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Trace Retrace

Paintings, Nilima Sheikh

Edited by Kumkum Sangari

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Nilima Sheikh’s art practice from 1969 to 2012 forms the subject of Trace Retrace. The book is structured in three parts: visual, discursive and a combination of the two.

The largest narrative is visual – a selection from Nilima Sheikh’s paintings in diverse formats, chosen to signal the artist’s commitment to process, and to indicate the way her paintings slide into, work with and against each other, and propose a meandering seriality. The often extensive reproduction of details from these paintings introduces the unexpected, eliciting not only a flitting or looping gaze but also surprise.

The complexity of Nilima Sheikh’s art practice lends itself to other forms of engagement, as is evident in the second part of the book comprising three diverse readings: ‘Ruptures, Junctures, Returns: (un)lived histories, feminist propositions and Nilima Sheikh’ by Kumkum Sangari; ‘A Counter-Archive of Pain and Loss: Nilima Sheikh’s evolving Kashmir series’ by Ananya Jahanara Kabir; and ‘Passages in Reverie: Nilima Sheikh, modernity and the history of Kashmir’ by Kaushik Bhaumik.

The last section of the book indexes the range and diversity of Nilima Sheikh’s exhibited works, interleaved with the artist’s own voice in different tenors: autobiographical snippets, acknowledgements of her training and teachers, glimpses of her work methods and process, and meditations on her collaborative practice. These are dotted with quotations from texts that are significant to her: folk-songs, poems, stories. In this section, a cross-disciplinary intertextuality is repositioned as a coeval medium at once outside and inside Nilima Sheikh’s painted images, which not only adds a layer that extends beyond the art-historical frame but redeems the solitude of written words.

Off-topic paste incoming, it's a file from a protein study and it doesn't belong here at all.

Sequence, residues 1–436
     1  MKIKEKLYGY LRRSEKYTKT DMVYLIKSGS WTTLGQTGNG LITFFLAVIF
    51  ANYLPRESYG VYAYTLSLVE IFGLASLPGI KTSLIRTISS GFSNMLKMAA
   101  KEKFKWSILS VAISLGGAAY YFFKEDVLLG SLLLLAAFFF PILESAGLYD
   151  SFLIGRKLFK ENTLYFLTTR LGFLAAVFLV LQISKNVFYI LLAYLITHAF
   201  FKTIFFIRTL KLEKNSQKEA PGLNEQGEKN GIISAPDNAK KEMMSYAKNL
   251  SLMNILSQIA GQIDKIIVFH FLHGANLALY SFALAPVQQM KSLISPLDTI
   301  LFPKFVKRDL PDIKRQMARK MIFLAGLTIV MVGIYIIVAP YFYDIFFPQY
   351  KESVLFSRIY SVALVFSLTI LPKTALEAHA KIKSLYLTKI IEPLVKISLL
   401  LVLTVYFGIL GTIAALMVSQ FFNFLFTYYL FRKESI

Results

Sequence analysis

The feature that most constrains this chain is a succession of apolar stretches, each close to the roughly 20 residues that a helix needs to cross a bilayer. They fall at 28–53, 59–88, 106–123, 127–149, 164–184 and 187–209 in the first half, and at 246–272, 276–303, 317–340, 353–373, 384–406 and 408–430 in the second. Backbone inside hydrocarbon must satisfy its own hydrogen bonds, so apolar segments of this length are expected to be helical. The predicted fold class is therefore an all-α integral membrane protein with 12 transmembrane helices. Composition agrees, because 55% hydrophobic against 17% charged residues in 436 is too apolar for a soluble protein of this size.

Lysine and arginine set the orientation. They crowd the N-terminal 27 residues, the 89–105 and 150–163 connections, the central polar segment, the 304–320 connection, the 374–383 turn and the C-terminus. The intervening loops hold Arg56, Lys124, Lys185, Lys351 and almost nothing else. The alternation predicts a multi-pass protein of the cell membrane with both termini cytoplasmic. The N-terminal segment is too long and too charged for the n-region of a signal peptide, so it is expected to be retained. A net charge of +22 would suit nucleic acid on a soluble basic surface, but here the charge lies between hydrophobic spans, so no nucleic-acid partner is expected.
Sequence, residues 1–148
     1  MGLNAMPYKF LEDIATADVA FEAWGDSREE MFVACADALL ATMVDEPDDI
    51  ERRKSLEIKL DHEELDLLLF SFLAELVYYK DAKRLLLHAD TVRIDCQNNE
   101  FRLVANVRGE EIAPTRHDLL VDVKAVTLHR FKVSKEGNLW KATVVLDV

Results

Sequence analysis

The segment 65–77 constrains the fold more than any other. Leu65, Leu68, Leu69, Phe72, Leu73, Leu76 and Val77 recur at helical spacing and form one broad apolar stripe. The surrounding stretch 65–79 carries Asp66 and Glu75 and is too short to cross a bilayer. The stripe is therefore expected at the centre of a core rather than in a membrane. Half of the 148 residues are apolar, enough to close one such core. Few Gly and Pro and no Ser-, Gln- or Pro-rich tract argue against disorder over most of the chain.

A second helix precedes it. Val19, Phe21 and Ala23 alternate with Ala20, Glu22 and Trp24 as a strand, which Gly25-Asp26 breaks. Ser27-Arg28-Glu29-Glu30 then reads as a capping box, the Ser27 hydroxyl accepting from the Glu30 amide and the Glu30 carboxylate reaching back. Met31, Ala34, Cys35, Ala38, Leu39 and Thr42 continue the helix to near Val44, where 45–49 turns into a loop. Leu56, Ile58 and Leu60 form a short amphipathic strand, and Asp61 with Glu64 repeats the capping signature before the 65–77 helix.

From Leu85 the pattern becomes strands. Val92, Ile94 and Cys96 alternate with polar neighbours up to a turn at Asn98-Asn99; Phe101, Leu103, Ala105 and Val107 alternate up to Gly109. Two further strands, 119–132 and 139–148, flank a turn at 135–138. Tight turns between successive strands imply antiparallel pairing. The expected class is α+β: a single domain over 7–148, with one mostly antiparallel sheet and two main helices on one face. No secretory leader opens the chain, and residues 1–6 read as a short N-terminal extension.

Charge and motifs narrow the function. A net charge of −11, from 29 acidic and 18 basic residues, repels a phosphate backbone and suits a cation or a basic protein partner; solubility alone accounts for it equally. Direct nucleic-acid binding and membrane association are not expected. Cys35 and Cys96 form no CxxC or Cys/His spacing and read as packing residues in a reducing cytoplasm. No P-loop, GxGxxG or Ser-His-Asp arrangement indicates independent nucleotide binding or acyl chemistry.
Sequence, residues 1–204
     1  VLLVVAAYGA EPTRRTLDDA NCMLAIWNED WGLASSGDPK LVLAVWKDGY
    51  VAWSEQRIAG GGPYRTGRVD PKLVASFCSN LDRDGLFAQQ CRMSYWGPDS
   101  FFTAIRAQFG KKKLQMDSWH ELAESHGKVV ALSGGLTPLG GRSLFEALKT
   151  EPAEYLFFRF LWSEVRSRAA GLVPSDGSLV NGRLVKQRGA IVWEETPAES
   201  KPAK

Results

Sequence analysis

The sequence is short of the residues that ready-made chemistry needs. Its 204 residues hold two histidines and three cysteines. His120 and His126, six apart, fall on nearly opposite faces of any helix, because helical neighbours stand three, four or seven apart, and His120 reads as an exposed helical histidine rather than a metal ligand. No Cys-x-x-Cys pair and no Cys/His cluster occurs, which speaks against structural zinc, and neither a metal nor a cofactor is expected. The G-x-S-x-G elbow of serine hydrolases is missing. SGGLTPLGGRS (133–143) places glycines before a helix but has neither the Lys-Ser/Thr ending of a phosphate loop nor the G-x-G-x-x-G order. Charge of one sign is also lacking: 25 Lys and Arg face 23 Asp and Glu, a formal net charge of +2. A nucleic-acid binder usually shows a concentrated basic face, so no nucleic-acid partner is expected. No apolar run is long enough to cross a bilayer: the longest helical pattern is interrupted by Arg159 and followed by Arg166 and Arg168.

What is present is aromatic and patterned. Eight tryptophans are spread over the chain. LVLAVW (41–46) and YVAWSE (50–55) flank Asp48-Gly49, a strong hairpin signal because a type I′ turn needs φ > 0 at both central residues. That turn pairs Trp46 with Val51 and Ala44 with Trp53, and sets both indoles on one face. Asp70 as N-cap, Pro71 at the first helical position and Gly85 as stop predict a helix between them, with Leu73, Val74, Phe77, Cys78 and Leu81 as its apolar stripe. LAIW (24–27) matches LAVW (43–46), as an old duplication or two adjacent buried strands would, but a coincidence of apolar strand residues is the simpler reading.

Kumkum Sangari

Kumkum Sangari worked as a UGC Professorial Fellow at the Centre for Contemporary Studies, Nehru Memorial Museum and Library, New Delhi, and is the William F. Vilas Research Professor of English and the Humanities at the University of Wisconsin-Milwaukee. She has published extensively on British, American and Indian literatures, literary and critical theory, religious conversion, South Asian medieval oral devotional traditions, nationalist figures such as M.K. Gandhi and Annie Besant, Bombay cinema and the partition, televisual memory, contemporary feminist art practice, as well as on personal law, domestic labour, the beauty industry, sex selection, dowry, domestic violence, widow immolation and communal violence. She is the author of Politics of the Possible: Essays on Gender, History, Narratives, Colonial English; the editor of Trace Retrace: Paintings, Nilima Sheikh; and the co-editor of Women and Culture, Recasting Women: Essays in Colonial History and From Myths to Markets: Essays on Gender.

“The book… is in all probabilities the first magnum opus on any woman artist in India…. This book as Kumkum Sangari says brings out the visual and the discursive. It is a very important work in Indian art historiography… All the three essays have been layered well with the nuanced understanding of Nilima Sheikh’s work…. The traces of the anti-colonial art practice craftsmanship and the conceptual space, the textual references are well brought out and weaved into the text very carefully and well.”

Aparna Roy Baliga, Art & Deal Magazine